Long associated with the Chicago Imagists—painters known for using vibrant colors and surreal subject matter inspired by popular imagery—Philip Hanson has over the past fifteen years made work that brings together dense, richly colored patterns with excerpts from poems, primarily from the Romantic era. He depicts the words in conjunction with his interpretation of their spirit or energy to create a diagram of the poem. By employing such techniques of poetry as tone, rhythm, and symbolic imagery, Hanson transposes language to the pictorial space of painting. Included in the 2014 Biennial are three examples—one inspired by Emily Dickinson’s “After great pain, a formal feeling comes,” the others by William Blake’s 1794 poem “A Divine Image.” Blake’s legacy looms large in this body of work, as his own visionary prints famously combined text and image to stunning effect.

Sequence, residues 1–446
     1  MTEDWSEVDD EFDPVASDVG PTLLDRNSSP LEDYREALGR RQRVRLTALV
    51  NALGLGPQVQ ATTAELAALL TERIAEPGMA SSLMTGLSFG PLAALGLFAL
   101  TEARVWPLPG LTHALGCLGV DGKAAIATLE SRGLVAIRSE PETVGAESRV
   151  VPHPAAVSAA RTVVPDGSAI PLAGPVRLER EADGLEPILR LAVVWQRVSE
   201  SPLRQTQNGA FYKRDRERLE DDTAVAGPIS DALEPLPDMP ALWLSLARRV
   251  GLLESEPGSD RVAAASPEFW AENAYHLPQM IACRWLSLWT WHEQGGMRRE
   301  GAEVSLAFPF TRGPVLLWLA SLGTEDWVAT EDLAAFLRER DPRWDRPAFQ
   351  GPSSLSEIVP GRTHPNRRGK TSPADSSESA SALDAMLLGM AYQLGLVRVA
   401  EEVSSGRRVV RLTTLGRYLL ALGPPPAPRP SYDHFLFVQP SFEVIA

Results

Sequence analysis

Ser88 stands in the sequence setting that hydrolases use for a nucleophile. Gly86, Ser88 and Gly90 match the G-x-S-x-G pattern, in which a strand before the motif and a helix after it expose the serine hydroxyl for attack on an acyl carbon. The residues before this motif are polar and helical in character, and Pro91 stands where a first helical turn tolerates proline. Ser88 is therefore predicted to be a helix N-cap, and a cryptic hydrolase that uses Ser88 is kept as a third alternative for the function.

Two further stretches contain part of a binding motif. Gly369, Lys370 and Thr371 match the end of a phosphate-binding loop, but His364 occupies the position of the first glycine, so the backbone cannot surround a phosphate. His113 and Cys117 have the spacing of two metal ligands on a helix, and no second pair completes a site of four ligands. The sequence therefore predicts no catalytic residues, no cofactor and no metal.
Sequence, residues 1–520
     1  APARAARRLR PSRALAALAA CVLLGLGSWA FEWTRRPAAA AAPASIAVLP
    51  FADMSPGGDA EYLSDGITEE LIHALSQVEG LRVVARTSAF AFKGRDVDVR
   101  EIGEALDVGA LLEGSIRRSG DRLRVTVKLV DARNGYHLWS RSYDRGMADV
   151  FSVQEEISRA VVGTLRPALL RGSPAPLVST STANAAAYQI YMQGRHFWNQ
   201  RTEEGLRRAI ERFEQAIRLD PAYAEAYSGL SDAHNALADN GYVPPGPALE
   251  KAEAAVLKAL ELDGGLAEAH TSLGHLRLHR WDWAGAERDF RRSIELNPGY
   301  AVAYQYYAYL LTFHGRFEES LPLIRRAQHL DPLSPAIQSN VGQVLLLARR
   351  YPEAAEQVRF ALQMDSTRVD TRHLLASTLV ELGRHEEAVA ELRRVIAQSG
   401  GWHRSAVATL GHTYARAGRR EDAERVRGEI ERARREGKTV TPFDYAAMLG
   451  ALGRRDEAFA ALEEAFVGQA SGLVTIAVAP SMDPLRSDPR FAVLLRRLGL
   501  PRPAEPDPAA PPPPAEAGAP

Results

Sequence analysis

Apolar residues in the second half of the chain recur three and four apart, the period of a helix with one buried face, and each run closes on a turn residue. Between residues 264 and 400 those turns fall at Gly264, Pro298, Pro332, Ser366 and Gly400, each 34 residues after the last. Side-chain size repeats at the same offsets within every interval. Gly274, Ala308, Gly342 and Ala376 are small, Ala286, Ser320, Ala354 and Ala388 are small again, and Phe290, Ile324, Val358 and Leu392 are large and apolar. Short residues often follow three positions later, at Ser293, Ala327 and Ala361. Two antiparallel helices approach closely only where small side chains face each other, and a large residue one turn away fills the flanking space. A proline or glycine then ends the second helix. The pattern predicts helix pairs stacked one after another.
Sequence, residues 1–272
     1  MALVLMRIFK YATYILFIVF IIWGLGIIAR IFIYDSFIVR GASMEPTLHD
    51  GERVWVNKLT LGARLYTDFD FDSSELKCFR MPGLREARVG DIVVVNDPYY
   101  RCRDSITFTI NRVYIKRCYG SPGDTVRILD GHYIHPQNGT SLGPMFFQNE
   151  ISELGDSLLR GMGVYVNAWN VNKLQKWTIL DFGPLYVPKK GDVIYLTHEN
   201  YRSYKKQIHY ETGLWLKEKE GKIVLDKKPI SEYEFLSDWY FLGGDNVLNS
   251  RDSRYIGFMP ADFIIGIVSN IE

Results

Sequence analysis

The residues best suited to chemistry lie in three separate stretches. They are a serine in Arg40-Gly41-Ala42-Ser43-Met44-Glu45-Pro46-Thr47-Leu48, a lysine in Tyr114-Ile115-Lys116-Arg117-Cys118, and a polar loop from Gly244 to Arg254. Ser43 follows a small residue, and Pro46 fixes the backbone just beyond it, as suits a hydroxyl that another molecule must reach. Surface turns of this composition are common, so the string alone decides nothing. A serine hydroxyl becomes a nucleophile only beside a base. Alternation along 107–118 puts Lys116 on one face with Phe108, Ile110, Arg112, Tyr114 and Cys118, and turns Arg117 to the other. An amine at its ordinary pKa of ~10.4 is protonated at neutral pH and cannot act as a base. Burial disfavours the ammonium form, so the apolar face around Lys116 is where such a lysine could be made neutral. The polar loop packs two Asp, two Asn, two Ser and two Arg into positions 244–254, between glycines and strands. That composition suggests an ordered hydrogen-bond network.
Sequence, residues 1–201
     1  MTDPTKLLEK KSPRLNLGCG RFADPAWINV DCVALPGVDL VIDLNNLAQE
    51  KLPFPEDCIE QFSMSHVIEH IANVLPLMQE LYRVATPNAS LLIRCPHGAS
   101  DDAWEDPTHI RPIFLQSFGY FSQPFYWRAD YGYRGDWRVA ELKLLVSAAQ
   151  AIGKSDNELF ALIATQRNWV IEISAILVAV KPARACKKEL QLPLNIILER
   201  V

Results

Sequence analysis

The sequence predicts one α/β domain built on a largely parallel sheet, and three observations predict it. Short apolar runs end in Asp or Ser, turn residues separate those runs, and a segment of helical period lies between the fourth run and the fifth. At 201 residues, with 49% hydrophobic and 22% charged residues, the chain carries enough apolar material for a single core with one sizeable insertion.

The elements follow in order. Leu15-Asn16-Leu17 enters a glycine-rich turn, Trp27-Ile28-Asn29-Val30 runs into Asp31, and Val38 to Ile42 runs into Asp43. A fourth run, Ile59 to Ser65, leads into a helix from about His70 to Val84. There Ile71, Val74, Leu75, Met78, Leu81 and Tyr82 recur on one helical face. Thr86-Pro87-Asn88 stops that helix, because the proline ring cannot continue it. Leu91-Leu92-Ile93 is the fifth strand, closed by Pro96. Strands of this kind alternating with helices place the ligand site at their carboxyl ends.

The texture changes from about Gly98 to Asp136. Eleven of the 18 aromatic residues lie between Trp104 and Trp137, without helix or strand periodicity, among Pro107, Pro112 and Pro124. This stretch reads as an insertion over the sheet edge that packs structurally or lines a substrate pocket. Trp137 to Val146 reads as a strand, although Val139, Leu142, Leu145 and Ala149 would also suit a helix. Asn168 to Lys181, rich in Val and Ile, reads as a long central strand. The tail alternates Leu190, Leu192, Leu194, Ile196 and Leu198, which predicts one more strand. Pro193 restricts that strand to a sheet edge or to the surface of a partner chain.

Philip Hanson’s work is on view in the Museum’s fourth floor galleries.
Academy Records and Matt Hanner
Ei Arakawa and Carissa Rodriguez
Robert Ashley and Alex Waterman
Lisa Anne Auerbach
Lucien Castaing-Taylor, Véréna
Paravel, and Sensory Ethnography Lab
Critical Practices Inc.
Zackary Drucker and Rhys Ernst
Radamés “Juni” Figueroa
Gaylen Gerber with David Hammons,
Sherrie Levine, and Trevor Shimizu
Tony Greene curated by Richard
Hawkins and Catherine Opie
Yve Laris Cohen
My Barbarian (Malik Gaines, Jade Gordon
and Alexandro Segade)
Sara Greenberger Rafferty
Steve Reinke with Jessie Mott
Valerie Snobeck and Catherine Sullivan
Charline von Heyl
David Foster Wallace